Prof Peter Kinderman: Should ECT be judged by the standards of homeopathy?

This blog was originally published on 7th September 2020 on the Psychology Today website as:


Extraordinarily, we now live in a world in which the best evidence [] that the Royal College of Psychiatrists has been able to muster for the real-world effectiveness of ECT exactly parallels the claims for homeopathy. 

ECT is defended energetically by traditional psychiatrists, and many claims are made, but systematic reviews of the available evidence conclude that there is no reliable evidence [] that ECT helps lift depression significantly after the end of the treatment (although there is some evidence for a significant placebo effect and the induction of a convulsion through the passage of electricity through the brain may lead to a temporary dissociative and euphoric state []).

This leads to a problem – for a profession and those professionals who would like to believe in the effectiveness of the procedure. It appears, as an outsider, that ECT holds a special place. In general, psychiatry tends [] to defend the effectiveness of any particular class of drugs in vogue at any particular time (before realising the harms done, changing the narrative, and then defending the new status quo). Despite the claims to be practicing evidence based medicine, there seems to be more effort expended in defending practices than developing more effective and humane alternatives.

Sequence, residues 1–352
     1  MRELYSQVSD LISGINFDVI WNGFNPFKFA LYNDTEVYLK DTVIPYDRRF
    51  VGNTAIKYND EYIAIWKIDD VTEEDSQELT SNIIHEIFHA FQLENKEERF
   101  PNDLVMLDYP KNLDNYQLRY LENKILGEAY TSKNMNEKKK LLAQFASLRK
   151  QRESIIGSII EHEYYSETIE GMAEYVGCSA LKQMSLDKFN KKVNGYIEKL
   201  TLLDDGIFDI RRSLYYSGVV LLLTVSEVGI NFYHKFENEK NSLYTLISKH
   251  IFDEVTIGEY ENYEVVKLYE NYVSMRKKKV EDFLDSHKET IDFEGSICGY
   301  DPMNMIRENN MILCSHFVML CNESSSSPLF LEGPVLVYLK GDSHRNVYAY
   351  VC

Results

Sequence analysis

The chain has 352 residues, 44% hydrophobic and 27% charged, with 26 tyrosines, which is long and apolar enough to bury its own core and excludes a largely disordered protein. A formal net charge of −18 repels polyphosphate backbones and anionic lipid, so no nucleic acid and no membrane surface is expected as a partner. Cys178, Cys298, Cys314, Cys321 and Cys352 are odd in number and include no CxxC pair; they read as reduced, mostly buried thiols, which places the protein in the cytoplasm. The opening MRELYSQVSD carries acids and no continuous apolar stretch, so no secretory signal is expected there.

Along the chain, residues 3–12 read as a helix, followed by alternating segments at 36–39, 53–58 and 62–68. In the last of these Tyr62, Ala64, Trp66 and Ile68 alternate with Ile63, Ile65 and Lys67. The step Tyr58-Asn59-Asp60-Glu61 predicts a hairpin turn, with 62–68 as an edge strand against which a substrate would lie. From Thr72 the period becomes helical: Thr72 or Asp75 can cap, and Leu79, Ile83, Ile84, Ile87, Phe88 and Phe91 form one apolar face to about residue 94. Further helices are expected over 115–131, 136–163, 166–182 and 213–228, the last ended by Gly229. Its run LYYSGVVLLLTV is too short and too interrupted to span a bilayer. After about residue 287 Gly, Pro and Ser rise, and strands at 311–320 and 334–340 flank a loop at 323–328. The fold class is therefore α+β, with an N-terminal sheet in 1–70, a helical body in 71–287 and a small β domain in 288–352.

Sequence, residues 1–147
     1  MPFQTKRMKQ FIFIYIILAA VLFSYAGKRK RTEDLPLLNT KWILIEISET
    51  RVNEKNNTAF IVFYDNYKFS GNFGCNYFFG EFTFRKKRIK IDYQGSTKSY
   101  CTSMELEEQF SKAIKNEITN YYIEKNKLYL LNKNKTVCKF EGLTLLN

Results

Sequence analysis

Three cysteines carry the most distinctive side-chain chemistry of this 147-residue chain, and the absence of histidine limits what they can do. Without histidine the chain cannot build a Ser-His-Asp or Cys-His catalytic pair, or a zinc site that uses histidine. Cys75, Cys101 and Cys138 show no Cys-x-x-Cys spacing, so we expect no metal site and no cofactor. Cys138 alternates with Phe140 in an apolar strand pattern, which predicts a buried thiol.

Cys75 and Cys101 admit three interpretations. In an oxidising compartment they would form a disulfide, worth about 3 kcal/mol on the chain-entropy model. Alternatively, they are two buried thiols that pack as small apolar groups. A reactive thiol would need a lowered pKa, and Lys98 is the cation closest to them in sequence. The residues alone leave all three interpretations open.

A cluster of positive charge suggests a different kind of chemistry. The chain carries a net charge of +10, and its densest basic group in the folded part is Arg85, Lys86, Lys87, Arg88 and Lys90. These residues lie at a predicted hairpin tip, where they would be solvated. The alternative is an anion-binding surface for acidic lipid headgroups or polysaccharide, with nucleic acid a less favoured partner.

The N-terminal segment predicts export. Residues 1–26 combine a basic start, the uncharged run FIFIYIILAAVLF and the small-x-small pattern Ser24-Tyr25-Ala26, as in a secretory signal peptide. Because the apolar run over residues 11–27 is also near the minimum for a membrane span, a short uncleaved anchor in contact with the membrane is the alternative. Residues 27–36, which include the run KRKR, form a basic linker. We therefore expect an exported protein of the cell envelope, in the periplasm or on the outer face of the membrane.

We could speculate that this may be because psychiatry needs to defend its place as a subspecialty of medicine (and therefore requires the use of conventional diagnosis and medical, physical, treatments), perhaps because it is felt that there must always be a back-stop, a treatment which has the twin benefits of drama and (it is claimed) “miraculous” effects [] or perhaps guilds merely tend to defend their members. 

But in any event, ECT requires defending. And ECT needs to demonstrate its effectiveness… in the regrettable absence of any real evidence. 

In 2013 a different group of people were lobbying for the effectiveness of their practices. The UK Parliament was debating the management of ‘long term conditions’ and specifically which forms of care should be commissioned by the NHS. The Health Select Committee held hearings and invited submissions from interested parties.

One of the organisations supplying evidence [] was the Society of Homeopaths. Part of their evidence included the claim that 68% of people receiving homeopathic treatments were reported that their problems were “better” or “much better”. 

This is quite a claim, given the widespread view in the medical profession that homeopathy is little more than an expensive placebo. 

It turns out that this evidence was gathered in a study [] in which the clinicians (the homeopaths) rated their subjective judgments as to whether they believed their patients (who had received the homeopathy treatment) were; “much better”, “better”, “slightly better”, “no change”, “slightly worse”, “worse”, or “much worse”. The authors reported that 65.8% of children were reported as “better” or “much better” (it seems that the exact figure slipped a little in reporting). To be clear; these were not the judgments of the patients as to whether their treatment had helped. These were the judgments of the clinicians.